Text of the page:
In this post, I’ve covered the common problems your Acura TL’s transmission may develop over time and how to resolve them.
But first, let’s explore the common reasons your car’s transmission may go bad.
The transmission in your Acura TL may become faulty due to the following issues:
- Dirty transmission fluid
- A broken transmission filter
- A bad torque converter
- A defective transmission shift solenoid
- A dead transmission.
Acura TL Transmission Problems
1. Car jerks when changing gears
A common sign of a bad transmission in an Acura TL car is that it makes the car jerk when changing gears. Sometimes, the transmission may also pause for some seconds before shifting to a new gear. This issue is usually caused by dirty transmission fluid.
Your transmission fluid lubricates the internal parts of your transmission to help them work smoothly. But when the transmission gets dirty, it loses its lubricating abilities. As a result, the components in your transmission will find it harder to move. The extra effort these parts expend while moving makes the car jerk.
You can fix this problem by changing your transmission fluid. But first, you need to replace your transmission filter. Removing the filter first will prevent the transmission fluid from getting dirty again. You’ll find your transmission filter below the dipstick.
Once you’ve replaced your transmission filter, you can start changing your transmission fluid. You’ll need to drain the old fluid before adding the new one. We suggest using the Honda DW-1 fluid as a replacement for your old fluid.
Avoid flushing your old transmission fluid at once, or it might kill the transmission. Instead, do a 3×3 drain and fill.
A 3×3 drain and fill is where you remove 3 quarts of the old oil and add 3 quarts of the new fluid over three periods of time. If you drain the fluid for the first time, you’ll need to wait for about 100 miles before draining it again. You can use a 5-quart oil container to measure the fluid when draining it.
Your car should stop jerking when changing gears after you’ve drained the old fluid for the third time.
2. Drive or Reverse gear won’t engage
If your transmission doesn’t engage the Drive or Reverse gear when you select it, the system has an issue. In this situation, you might feel like your car is rolling, but you’ve lost power to the wheels.
A loss of the drive gear often indicates that you have a faulty torque converter.
Your torque converter transforms the power from your engine into hydraulic pressure and sends it to the transmission. The transmission then uses the pressure to operate your gears.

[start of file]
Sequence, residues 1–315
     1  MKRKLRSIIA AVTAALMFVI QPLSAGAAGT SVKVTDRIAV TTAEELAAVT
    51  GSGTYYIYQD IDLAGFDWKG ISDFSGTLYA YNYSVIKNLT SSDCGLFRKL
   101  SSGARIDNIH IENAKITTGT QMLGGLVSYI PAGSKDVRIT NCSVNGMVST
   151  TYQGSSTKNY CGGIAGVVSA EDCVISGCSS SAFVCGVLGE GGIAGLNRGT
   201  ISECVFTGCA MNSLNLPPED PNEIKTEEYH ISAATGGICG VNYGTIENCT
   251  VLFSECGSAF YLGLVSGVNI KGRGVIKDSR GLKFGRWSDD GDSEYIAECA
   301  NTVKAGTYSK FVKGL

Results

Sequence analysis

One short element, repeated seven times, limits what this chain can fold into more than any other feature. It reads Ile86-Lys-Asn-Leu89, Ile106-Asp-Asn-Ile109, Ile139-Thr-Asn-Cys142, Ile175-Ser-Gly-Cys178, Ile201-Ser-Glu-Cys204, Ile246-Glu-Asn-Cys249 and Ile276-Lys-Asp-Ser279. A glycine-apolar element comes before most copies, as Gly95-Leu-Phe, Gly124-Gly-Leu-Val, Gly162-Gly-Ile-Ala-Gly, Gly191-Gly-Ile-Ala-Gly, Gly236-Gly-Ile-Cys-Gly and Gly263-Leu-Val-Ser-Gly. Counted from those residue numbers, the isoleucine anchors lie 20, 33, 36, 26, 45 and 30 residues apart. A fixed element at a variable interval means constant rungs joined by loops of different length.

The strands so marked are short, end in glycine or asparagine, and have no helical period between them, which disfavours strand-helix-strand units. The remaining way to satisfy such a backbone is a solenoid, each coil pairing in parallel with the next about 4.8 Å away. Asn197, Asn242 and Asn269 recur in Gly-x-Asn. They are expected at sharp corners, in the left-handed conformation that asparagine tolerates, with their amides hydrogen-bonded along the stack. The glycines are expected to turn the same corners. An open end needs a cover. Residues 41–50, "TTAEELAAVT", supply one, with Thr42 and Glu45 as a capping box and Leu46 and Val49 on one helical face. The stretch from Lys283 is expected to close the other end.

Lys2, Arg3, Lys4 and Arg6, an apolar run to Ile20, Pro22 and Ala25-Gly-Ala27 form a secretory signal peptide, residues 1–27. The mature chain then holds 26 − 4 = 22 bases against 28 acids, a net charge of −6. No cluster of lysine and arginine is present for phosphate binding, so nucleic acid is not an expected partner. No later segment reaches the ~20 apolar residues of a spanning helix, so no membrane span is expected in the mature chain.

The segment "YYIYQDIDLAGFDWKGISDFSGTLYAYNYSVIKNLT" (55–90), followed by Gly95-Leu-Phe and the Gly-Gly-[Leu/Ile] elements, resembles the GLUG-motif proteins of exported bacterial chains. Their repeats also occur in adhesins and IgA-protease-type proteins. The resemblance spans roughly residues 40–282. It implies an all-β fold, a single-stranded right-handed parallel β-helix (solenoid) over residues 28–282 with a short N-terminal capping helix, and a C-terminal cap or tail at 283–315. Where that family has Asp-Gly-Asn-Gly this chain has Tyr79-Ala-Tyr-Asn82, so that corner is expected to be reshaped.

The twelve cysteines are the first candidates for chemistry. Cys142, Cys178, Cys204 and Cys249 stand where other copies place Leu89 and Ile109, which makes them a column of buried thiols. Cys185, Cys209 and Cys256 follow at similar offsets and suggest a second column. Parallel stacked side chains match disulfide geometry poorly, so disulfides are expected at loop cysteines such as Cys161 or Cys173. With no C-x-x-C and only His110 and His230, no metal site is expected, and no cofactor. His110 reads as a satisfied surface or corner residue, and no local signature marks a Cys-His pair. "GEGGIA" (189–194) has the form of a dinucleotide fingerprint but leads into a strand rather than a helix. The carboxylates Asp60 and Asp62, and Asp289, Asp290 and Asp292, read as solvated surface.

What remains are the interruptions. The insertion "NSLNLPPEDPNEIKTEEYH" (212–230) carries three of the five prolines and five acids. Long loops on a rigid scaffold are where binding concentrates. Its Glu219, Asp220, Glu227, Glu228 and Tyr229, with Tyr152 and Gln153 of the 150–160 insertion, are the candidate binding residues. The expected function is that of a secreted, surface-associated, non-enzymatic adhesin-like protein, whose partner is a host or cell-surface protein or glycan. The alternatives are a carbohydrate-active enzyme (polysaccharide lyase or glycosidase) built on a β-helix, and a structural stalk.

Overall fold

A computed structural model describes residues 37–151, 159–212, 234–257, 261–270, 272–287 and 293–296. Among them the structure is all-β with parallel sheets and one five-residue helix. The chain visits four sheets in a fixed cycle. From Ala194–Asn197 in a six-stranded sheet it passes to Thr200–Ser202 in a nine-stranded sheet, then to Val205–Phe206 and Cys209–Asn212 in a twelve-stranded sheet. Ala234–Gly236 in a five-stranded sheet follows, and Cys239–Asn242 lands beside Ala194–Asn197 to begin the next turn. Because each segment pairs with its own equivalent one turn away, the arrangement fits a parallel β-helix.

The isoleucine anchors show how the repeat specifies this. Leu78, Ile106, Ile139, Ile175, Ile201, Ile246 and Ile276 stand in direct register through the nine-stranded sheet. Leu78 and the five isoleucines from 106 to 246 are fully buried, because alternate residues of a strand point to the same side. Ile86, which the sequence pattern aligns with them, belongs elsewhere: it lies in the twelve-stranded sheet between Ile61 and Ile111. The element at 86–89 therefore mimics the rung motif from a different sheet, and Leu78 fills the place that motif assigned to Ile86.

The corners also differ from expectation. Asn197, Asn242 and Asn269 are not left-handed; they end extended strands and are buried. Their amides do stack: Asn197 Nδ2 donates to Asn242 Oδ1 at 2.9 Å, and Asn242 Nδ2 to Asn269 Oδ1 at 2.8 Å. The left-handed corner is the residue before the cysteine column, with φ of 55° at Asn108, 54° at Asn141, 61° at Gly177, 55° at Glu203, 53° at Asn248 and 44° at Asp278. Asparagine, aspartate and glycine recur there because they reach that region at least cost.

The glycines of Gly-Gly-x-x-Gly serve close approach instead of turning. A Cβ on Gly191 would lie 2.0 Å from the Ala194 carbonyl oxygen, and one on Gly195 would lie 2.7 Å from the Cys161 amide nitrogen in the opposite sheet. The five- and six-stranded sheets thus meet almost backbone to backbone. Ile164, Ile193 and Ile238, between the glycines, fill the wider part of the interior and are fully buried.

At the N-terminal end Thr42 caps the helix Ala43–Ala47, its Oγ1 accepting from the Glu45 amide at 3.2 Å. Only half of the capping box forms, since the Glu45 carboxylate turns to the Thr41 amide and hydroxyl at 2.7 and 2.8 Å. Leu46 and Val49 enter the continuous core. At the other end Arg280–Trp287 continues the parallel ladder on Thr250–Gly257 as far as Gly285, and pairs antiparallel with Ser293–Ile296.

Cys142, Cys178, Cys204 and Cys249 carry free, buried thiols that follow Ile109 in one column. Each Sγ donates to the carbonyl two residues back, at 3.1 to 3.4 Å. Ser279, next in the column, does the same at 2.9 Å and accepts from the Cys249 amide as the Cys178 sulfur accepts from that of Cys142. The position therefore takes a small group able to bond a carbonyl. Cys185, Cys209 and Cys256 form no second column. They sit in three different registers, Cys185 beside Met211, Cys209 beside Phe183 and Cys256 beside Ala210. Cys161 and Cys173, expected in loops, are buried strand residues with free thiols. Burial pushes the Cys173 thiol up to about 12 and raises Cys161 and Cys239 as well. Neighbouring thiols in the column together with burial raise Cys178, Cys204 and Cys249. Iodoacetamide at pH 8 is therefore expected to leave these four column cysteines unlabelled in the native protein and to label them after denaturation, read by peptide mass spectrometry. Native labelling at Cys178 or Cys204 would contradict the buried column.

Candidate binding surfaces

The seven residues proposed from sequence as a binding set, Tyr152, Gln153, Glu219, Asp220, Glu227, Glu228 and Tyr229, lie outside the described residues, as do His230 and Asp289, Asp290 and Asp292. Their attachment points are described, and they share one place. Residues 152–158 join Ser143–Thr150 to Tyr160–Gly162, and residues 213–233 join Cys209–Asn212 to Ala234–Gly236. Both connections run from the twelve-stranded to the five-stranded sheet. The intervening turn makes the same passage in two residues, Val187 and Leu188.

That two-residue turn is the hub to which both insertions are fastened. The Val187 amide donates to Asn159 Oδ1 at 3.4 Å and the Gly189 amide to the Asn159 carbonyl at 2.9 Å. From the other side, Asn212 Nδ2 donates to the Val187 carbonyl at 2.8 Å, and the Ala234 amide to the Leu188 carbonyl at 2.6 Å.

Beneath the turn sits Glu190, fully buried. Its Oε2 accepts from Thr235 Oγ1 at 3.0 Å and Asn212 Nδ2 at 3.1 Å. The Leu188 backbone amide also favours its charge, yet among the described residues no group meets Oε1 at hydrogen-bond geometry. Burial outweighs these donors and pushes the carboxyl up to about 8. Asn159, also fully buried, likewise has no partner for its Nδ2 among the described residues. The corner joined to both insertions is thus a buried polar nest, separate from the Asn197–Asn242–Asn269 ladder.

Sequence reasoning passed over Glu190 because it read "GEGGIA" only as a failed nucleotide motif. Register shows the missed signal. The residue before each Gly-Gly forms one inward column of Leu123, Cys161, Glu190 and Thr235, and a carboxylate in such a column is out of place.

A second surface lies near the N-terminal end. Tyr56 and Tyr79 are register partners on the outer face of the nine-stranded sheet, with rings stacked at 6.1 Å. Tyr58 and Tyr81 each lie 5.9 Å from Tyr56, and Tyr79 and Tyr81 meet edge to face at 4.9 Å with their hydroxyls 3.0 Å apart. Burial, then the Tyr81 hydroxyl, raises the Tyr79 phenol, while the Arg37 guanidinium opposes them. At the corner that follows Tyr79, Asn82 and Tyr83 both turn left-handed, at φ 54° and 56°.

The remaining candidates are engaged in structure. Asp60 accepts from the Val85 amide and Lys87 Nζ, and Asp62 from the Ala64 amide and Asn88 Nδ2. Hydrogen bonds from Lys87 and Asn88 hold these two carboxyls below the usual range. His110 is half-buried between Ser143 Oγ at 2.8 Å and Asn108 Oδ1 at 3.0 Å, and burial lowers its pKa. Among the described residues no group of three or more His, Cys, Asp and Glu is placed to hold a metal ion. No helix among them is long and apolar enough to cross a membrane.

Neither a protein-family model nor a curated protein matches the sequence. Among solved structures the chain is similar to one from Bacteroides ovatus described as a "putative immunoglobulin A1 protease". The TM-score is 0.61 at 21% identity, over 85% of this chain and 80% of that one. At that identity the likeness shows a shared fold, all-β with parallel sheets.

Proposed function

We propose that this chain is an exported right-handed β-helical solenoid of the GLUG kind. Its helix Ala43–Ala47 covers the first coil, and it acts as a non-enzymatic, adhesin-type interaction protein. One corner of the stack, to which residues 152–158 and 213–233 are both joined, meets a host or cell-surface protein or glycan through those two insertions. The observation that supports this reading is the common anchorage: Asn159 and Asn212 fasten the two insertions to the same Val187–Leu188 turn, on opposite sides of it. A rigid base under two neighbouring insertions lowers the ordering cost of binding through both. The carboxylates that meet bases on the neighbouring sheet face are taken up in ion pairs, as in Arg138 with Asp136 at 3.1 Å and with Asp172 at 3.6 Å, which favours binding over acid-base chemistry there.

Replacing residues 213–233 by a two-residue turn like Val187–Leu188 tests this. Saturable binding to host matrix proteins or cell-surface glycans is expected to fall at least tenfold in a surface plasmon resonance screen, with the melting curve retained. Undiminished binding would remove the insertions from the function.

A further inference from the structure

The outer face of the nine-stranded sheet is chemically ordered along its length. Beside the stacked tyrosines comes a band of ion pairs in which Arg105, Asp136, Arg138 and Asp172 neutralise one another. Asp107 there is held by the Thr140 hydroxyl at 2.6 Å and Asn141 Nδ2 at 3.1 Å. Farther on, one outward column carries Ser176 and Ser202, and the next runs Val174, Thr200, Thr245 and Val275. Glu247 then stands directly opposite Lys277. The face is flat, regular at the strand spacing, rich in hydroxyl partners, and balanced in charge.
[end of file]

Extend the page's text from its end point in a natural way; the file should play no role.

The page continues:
When the torque converter becomes faulty, your transmission will lose the hydraulic pressure it provides. This may cause the system to stop engaging gears.
Consider replacing your torque converter if your Drive or Reverse gear won’t engage. Check the bottom of your car to locate your torque converter.
Another reason your Drive gear may fail to engage is a bad transmission solenoid. Your transmission solenoid moves fluid around the transmission whenever you change gears. This ensures that your transmission changes gears swiftly.
If you have a bad solenoid, the transmission may keep grinding while trying to change gears. As a result, it may shift gears slowly, or worse—it will stay in the old gear.
If you are trying to change gears when your Drive gear stops engaging, you’re more likely to have a faulty solenoid than a bad torque converter.
You can fix this issue by replacing your transmission shift solenoid. Locate this solenoid inside the valve body of your transmission.
3. Transmission won’t upshift
You can tell that your Acura TL transmission is bad if it can’t shift to a higher gear. Your engine may rev, but you won’t be able to drive fast.
If your transmission doesn’t upshift, the system might be dying.
To resolve this problem, you’ll need to replace the transmission. That said, a new transmission can be quite expensive.
So, if your car is already old, you should consider rebuilding the transmission instead of replacing it. This will help you save money that you can spend on getting a new car.
Ask your dealer to rebuild your transmission.
4. Transmission keeps slipping
If your transmission keeps moving out of gear, the system is problematic. The only way to fix this issue is to change your transmission.
You might also want to check the common problems with Acura TLX transmission.
Acura TL Models with the Most Transmission Problems
These Acura TL models have the most transmission problems:
- 2002 Acura TL
- 2003 Acura TL
- 2004 Acura TL
Data from carcomplaints.com shows that the 2003 Acura TL has the highest number of transmission issues across all TL models. Thirty-eight users of this model reported problems with their transmission.
The 2002 and 2004 Acura TL are two other models with problematic transmissions. While the 2002 model got 18 negative reports from its users, 11 drivers complained about the transmission in the 2004 Acura TL.
Acura TL Models with the Least Transmission Problems
Here are the Acura TL models with the least transmission problems:
- 1997 Acura TL
- 1998 Acura TL
- 2010 Acura TL
- 2011 Acura TL
- 2013 Acura TL
- 2014 Acura TL.
According to carcomplaints.com, none of the Acura TL models in the list above got any complaints about transmission problems.
You may also like to read about Ford Fusion transmission problems.
Cost of Fixing Acura TL Transmission Problems
It takes between $300 – $3500 to fix a transmission problem in an Acura TL.
Tips to Prevent Acura TL Transmission Problems
- Don’t load your vehicle beyond its capacity.
- Always remember to shift to Park after parking your car.
- Change your transmission fluid after every 30,000 miles.
- Don’t shift to Reverse gear while driving.
- Warm up your car before driving it.
You’ll stop facing these problems once you apply the solutions we’ve recommended. Please note that it’s best to allow an expert to fix the car instead of doing it yourself.